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Notre Dame short story

Mary Laird | Wednesday, November 11, 2009

 

Part 7 by Mary Laird

Frederick looked inquisitively at the man as together, they stood at the base of the mountain. Frederick’s fingers still bled from his desperate attempts to get through that wretched brick wall, and he grimaced as he wiped them on his tattered shirt. He winced once more as he ripped at his checkered sleeve for cloth with which to wrap his torn hands, and inexplicably, the man beside him chuckled.

“You know, Frederick, you really should have just used the door! Would’ve saved us all a great deal of time, and we would not have had any of this falling through the wall nonsense. That’s the trouble with your kind … always overcomplicating things …”

The man trailed off as he watched his own hand, previously motionless, give a small twitch. Beyond the mountain, he knew, was the place for which he searched. Rumors had reached his ears of a secret tunnel system, large enough only for several people to pass through, that would allow him to circumvent the biting winter weather and travel from beneath LaFortune all the way to the DeBartolo Performing Arts Center. He would not lose another limb to frostbite, of this he was certain.

The only obstacle between him and this ultimate power was the stone. He did not know if Frederick knew of the power it could bestow, or even of its existence, but it did not matter. Frederick would lead him, or he would return to the council and face death.

 

Want to write the next paragraph to the story? Submit your paragraph to NDLFshortstory@gmail.com before 4 p.m. Limit of 200 words. Title it Part Eight. This story will continue until Nov. 16. If your paragraph is selected, it will be published in Viewpoint and you will get to read it at the NDLF panel discussion Nov. 19. The visiting authors will write the ending paragraphs. Take advantage of the opportunity to write a story along with three New York Times bestselling authors!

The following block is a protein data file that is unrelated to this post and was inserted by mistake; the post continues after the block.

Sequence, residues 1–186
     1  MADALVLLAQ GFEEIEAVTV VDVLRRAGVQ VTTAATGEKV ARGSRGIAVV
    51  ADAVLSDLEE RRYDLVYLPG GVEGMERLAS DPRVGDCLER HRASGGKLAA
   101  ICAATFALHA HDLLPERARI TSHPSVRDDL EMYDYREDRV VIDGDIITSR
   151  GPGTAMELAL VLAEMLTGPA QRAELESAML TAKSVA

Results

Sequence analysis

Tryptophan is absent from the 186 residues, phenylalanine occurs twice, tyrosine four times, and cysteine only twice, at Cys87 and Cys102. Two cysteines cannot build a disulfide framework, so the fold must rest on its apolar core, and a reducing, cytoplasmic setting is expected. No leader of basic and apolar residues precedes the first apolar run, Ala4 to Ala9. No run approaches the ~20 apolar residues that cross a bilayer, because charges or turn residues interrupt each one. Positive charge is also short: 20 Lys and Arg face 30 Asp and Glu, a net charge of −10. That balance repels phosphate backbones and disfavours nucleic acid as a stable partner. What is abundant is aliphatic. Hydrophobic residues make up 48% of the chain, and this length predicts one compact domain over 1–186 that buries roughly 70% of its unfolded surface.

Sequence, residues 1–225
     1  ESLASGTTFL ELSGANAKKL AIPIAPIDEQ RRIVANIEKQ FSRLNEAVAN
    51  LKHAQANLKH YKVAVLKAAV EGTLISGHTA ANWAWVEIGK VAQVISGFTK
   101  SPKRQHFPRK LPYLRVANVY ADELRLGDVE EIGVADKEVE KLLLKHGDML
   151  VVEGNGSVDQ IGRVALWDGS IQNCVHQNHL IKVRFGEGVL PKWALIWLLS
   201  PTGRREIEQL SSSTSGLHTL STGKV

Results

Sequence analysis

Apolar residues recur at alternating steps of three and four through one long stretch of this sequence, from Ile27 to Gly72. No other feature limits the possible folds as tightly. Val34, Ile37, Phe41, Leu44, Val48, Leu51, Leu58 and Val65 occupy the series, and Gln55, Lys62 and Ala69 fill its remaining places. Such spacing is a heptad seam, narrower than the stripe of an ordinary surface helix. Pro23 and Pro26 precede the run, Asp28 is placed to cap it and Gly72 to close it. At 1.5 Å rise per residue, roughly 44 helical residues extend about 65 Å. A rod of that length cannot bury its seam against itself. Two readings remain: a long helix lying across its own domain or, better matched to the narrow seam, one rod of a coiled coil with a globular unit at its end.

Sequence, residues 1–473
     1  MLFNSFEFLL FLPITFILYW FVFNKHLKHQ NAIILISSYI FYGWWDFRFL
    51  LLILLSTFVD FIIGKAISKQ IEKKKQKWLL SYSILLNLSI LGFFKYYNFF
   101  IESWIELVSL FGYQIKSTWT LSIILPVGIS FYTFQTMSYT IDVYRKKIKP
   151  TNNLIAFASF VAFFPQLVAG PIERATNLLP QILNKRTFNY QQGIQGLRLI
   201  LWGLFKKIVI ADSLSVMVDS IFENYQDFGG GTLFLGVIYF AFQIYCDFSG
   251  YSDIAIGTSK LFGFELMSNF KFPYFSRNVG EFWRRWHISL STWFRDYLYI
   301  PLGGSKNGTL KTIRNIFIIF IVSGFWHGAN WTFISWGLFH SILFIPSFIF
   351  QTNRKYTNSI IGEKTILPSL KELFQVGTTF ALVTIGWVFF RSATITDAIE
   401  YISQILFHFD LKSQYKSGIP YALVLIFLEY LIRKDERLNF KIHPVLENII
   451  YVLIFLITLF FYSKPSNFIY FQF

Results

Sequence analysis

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The Observer is a Student-run, daily print & online newspaper serving Notre Dame & Saint Mary's. Learn more about us.

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Notre Dame short story

Felicia Aguirre | Friday, November 6, 2009

 Part 5 by Felicia Aguirre

He snapped out of his memory just in time to answer the first question. A short, bald man with yellow teeth leaned forward in his seat, strumming his fingers against the podium in front of him.
 “Do you know why you are here, Frederick M. Stevens?” he asked, and his hairy eyebrows bunched inquisitively on his forehead. Frederick took a deep breath and stared at the floor, deep in thought. Those days of working at the Toys-R-Us in Humptulips were long ago, and Frederick vaguely remembered how the events unfolded. He recalled Larry Seretty diving on the floor over the display of Easy-Bake ovens screaming, “Do a barrel roll!” Michael Piles slid down aisle eight on a Razor Scooter, and knocked Mark Evans to the floor.
The whole scenario ended in one giant fit of giggles, as the madman made his escape. Blinking back tears of laughter, Frederick saw the madman grab a grey stone out of the pet rock collection and run out of the store. The stone was not particularly unique. In fact, Frederick thought Larry had stolen it from the parking lot outside, and placed it in the bin as a joke.